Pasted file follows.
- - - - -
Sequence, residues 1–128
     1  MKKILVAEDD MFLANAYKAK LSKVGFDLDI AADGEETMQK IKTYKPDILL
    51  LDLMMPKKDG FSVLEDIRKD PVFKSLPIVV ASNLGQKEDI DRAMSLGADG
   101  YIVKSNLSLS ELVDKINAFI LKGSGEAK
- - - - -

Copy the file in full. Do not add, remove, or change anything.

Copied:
Sequence, residues 1–128
     1  MKKILVAEDD MFLANAYKAK LSKVGFDLDI AADGEETMQK IKTYKPDILL
    51  LDLMMPKKDG FSVLEDIRKD PVFKSLPIVV ASNLGQKEDI DRAMSLGADG
   101  YIVKSNLSLS ELVDKINAFI LKGSGEAK